How do we sense our own motion, and how do we orient ourselves when moving in 3D space? My laboratory studies these questions by combining mathematical modeling and extracellular neuronal recordings in behaving Marmoset monkeys. Some of my current research projects are: Three-dimensional navigation: I study how head-direction cells in the limbic system (the ‘neuronal compass’) encode the 3D orientation of the head. Sensory signals for spatial navigation: I study how the brain integrates self-motion signals with visual landmarks to maintain spatial orientation. Self-motion sensation: I study how the brain merges multiple sensory signals from the inner ear, vision and proprioception, together with motor commands, to create a sense of self-motion that underlies spatial cognition, gaze stabilization and postural control.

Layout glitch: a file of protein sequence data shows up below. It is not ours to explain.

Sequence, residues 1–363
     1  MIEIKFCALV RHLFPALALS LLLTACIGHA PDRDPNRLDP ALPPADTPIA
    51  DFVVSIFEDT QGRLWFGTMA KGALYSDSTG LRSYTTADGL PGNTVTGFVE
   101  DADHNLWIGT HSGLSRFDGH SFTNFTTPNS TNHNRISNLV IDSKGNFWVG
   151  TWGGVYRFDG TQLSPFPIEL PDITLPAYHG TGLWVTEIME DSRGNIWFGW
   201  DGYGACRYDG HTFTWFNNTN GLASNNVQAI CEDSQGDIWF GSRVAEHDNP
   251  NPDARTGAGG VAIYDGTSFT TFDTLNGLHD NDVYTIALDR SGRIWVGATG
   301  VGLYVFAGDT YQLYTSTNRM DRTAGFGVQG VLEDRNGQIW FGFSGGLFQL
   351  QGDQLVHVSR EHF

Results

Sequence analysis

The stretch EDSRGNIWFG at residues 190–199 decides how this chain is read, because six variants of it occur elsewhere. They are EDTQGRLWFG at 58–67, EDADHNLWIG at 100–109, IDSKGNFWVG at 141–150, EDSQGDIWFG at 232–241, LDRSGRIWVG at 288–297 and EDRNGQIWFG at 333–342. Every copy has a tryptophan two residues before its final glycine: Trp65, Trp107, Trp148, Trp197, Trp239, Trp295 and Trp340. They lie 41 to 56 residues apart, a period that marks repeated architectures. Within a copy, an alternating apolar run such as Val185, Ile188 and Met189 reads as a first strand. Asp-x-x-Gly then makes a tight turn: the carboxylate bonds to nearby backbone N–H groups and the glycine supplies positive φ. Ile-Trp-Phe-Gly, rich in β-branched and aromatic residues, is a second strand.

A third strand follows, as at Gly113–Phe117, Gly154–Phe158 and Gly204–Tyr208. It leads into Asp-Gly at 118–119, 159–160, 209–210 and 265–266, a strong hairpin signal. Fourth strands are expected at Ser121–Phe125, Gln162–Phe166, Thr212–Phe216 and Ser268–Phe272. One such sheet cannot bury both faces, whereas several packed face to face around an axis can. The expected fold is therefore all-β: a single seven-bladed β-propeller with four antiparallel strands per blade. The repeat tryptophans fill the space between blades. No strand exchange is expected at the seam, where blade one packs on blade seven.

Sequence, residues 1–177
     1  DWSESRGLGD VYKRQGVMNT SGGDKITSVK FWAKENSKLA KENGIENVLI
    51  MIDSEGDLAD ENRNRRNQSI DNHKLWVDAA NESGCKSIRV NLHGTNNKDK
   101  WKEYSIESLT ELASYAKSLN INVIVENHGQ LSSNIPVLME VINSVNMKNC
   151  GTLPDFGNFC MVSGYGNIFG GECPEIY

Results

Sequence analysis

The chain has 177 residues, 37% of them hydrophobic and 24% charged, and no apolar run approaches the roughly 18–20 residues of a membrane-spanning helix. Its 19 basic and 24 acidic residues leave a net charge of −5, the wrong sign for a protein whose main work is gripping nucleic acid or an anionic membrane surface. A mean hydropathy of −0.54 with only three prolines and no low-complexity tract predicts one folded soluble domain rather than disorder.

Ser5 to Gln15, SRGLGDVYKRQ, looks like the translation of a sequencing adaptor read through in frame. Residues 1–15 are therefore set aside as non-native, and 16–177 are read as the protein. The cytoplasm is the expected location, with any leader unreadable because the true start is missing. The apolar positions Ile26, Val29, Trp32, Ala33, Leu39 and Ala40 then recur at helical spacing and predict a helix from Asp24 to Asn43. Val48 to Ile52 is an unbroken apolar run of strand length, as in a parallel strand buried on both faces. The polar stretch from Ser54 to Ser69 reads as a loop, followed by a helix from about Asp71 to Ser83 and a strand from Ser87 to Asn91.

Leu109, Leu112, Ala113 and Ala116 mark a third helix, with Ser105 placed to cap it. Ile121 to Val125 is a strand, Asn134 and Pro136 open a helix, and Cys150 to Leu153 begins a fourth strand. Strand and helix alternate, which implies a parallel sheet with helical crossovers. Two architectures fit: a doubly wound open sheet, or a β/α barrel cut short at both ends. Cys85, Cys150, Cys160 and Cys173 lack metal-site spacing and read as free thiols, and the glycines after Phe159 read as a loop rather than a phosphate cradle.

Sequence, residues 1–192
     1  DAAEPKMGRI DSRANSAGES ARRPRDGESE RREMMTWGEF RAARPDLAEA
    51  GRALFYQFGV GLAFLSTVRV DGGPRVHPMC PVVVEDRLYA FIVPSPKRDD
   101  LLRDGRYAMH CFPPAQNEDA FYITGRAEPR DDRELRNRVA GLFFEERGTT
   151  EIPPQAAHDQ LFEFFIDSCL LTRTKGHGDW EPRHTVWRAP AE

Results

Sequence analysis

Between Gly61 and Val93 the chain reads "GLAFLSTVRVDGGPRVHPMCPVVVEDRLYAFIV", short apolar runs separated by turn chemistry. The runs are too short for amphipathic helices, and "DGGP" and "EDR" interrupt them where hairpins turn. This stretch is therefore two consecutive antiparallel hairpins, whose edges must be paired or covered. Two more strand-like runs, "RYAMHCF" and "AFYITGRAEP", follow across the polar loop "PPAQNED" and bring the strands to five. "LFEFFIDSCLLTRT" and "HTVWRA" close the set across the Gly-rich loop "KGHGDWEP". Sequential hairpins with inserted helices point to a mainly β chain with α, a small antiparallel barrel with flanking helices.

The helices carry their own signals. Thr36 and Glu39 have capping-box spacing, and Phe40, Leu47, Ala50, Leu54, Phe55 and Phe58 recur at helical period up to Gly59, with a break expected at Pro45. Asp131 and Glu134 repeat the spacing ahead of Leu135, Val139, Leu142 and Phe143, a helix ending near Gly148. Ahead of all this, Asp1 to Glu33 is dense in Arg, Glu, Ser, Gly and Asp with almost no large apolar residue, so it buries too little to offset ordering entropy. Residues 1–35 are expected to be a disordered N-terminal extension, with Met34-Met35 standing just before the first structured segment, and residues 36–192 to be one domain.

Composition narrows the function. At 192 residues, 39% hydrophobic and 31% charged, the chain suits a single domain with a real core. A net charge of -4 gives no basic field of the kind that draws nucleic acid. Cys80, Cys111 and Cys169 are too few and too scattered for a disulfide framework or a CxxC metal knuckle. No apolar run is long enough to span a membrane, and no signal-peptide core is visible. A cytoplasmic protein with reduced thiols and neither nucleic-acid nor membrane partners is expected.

Laurens, J., & Angelaki, D. E. (2018). The brain compass: a perspective on how self-motion updates the head direction cell attractor. Neuron, 97(2), 275-289.
Laurens, J., & Angelaki, D. E. (2017). A unified internal model theory to resolve the paradox of active versus passive self-motion sensation. Elife, 6, e28074.
Laurens, J., Kim, B., Dickman, J. D., & Angelaki, D. E. (2016). Gravity orientation tuning in macaque anterior thalamus. Nature neuroscience, 19(12), 1566.
Laurens, J., Meng, H., & Angelaki, D. E. (2013). Neural representation of orientation relative to gravity in the macaque cerebellum. Neuron, 80(6), 1508-1518.
Laurens, J., Meng, H., & Angelaki, D. E. (2013). Computation of linear acceleration through an internal model in the macaque cerebellum. Nature neuroscience, 16(11), 1701.